If you own rental property, or any other business or investment property, the Internal Revenue Service has bad news for you.
It has issued a massive new set of regulations (256 pages in all) with complex rules that, starting in 2012, all owners of business and investment property are supposed to follow to determine what constitutes a currently deductible repair versus an improvement that must be depreciated over several years.
Eight years in the making, the new regulations cover all types of tangible business and investment property, whether real or personal property, but they are particularly significant for owners of business and rental buildings.
Among many other things, the regulations will likely make it more difficult to classify fix-ups and other building expenses as currently deductible repairs. Instead, they will have to be treated as "improvements."
This is not good if you’re a building owner because, when it comes to taxes, repairs are far more valuable than improvements. There are two big reasons why:
- repairs are currently deductible in a single year, while improvements must be depreciated over many years (39 years for nonresidential buildings, 27.5 years for residential buildings); and
- if you sell a building at a gain, you must pay a recapture tax of up to 25 percent on the depreciation you claimed in prior years.
For example, if you spend $10,000 to replace a roof for an apartment building, the cost will have to be deducted a little at a time over 27.5 years. On the other hand, if it’s a repair, you can deduct the entire cost in one year.
As a result, a fix-up you can label as a repair can be up to 271 percent more valuable than an improvement.
So what’s the difference between a repair and an improvement? An improvement is a major change or alteration to property. According to the new regulations, there are three types of improvements:
- betterments — improving property or repairing defects;
- restorations — making older property like new; and
- adaptations — adapting property to a new use.
In contrast, a repair doesn’t make property better, restore it, or adapt it to a new use. A repair is a much more minor change that just keeps property in good running order.
Until now, due to a lack of clear IRS guidelines, some building owners were able to claim repair deductions for installing new roofs, replacing heating and air conditioning systems, and making major structural changes to building interiors.
When compared to the building and its structural components as a whole, these projects could be plausibly portrayed as relatively minor and therefore treated as deductible repairs.
This is no longer possible. In effect, the new regulations require that buildings be divided up into as many as nine separate properties for tax purposes: the entire structure and up to eight separate building systems.
A significant change to any of these must be treated as an improvement and depreciated over several years. As a result, more costs will have to be classified as improvements rather than repairs.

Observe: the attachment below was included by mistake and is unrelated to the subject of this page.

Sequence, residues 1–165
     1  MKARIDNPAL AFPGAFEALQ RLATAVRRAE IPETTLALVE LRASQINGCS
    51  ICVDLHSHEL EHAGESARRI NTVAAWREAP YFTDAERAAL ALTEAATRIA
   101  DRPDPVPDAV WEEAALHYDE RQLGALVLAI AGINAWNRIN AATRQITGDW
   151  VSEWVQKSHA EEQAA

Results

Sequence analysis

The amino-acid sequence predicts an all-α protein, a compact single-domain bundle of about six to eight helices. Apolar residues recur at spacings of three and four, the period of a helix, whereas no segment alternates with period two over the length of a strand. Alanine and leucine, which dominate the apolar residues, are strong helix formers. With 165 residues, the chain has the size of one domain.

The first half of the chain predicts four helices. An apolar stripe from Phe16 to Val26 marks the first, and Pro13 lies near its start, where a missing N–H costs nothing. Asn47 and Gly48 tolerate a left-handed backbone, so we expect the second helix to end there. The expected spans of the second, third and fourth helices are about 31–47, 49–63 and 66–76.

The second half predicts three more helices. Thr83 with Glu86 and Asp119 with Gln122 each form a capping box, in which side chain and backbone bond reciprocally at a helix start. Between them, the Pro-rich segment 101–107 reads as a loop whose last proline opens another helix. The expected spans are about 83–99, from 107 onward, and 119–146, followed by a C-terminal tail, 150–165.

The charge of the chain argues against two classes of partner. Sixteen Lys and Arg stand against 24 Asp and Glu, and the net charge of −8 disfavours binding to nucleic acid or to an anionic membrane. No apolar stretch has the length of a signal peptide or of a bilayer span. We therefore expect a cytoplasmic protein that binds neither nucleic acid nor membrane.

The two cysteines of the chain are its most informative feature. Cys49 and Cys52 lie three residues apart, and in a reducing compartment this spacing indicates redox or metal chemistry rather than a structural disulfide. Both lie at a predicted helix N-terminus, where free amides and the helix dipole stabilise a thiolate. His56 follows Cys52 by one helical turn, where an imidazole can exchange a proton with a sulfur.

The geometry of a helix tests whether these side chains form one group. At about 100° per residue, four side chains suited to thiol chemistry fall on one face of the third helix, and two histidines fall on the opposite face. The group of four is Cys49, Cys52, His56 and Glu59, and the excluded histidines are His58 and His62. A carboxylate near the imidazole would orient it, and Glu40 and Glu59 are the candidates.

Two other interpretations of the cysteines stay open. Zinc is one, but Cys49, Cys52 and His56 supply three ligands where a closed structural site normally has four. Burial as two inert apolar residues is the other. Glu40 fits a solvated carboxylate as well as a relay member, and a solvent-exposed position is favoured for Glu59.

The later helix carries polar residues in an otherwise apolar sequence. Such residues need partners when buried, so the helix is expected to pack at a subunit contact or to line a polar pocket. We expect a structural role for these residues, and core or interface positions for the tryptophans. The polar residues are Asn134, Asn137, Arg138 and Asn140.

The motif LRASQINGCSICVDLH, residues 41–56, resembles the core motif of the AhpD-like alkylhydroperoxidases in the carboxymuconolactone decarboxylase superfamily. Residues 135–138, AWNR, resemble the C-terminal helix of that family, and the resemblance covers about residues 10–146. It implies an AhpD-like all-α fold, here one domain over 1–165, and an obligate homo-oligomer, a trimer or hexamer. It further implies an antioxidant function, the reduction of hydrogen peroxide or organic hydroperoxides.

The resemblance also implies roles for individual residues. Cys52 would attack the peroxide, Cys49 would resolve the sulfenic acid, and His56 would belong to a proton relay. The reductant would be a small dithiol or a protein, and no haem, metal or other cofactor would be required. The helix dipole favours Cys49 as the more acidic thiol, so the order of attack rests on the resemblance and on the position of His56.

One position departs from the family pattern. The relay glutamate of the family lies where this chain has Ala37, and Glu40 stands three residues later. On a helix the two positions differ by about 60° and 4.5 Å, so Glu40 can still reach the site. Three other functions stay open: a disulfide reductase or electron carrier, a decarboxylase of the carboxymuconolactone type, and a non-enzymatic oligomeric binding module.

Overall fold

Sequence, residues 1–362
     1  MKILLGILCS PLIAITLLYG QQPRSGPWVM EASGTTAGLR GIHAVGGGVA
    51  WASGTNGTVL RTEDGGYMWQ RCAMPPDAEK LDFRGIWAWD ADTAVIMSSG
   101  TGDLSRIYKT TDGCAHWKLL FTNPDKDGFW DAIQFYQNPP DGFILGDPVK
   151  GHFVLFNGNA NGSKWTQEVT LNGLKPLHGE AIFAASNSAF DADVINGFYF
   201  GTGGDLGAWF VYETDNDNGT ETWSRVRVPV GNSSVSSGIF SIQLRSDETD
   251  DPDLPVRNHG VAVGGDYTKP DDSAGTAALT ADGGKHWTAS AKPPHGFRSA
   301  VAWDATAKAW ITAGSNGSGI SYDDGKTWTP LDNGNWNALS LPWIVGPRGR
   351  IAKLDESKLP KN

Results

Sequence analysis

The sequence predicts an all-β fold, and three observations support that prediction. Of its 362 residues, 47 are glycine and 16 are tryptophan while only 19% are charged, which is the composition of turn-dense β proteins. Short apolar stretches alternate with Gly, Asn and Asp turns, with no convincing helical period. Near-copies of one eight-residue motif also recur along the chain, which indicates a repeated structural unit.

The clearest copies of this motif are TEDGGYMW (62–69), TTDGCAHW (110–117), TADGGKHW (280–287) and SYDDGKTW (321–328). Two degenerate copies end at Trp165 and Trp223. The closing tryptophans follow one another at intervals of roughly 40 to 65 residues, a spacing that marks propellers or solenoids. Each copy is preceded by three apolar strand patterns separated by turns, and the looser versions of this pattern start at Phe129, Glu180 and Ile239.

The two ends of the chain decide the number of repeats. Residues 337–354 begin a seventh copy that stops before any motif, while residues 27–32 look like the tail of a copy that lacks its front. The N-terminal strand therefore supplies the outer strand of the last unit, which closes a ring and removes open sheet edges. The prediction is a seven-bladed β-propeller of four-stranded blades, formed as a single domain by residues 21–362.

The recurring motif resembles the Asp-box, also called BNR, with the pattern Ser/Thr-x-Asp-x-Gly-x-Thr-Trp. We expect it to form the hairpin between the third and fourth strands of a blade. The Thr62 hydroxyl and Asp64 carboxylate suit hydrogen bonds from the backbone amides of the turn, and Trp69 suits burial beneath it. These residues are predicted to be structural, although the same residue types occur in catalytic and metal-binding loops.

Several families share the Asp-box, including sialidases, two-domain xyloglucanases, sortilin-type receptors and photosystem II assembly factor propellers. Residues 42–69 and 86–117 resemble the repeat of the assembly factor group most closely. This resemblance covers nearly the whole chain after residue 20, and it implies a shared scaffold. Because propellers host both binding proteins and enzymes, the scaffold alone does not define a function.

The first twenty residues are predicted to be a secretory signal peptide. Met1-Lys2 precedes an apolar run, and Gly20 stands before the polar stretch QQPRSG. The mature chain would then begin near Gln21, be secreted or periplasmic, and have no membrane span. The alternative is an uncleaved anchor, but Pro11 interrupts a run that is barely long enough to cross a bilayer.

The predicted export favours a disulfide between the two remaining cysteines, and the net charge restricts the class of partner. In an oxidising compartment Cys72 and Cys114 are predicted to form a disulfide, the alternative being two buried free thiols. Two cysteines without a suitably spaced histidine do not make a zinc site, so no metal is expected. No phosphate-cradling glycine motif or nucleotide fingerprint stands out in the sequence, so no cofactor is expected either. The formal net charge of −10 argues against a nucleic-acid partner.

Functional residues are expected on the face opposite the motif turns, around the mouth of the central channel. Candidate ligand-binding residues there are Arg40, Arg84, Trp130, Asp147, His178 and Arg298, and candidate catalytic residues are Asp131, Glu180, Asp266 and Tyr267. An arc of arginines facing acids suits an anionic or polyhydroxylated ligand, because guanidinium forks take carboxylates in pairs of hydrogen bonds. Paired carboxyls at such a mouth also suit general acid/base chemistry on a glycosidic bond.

Under the regulations, an improvement to any one of eight separate building systems constitutes an improvement to the whole building and must be depreciated:
- Heating, ventilation and air conditioning ("HVAC") systems: This includes motors, compressors, boilers, furnace, chillers, pipes, ducts and radiators.
- Plumbing systems: This includes pipes, drains, valves, sinks, bathtubs, toilets, water and sanitary sewer collection equipment, and site utility equipment used to distribute water and waste.
- Electrical systems: This includes wiring, outlets, junction boxes, lighting fixtures and connectors, and site utility equipment used to distribute electricity.
- All escalators.
- All elevators.
- Fire-protection and alarm systems: These includes sensing devices, computer controls, sprinkler heads, sprinkler mains, associated piping or plumbing, pumps, visual and audible alarms, alarm control panels, heat and smoke detectors, fire escapes, fire doors, emergency exit lighting and signage, and firefighting equipment such as extinguishers and hoses.
- Security systems: These include window and door locks, security cameras, recorders, monitors, motion detectors, security lighting, alarm systems, entry and access systems, related junction boxes, associated wiring and conduit.
- Gas distribution system: This includes pipes and equipment used to distribute gas to and from the property line and between buildings.
For example, if a building’s HVAC system is upgraded, it must be classified an improvement to the whole building and depreciated. This is so even though the upgrade might not be extensive enough to constitute an improvement to the building as a whole.
If you own rental or business property, you should talk with your tax adviser about how these new regulations will affect you.
Stephen Fishman is a tax expert, attorney and author who has published 18 books, including "Working for Yourself: Law & Taxes for Contractors, Freelancers and Consultants," "Deduct It," "Working as an Independent Contractor," and "Working with Independent Contractors." He welcomes your questions for this weekly column.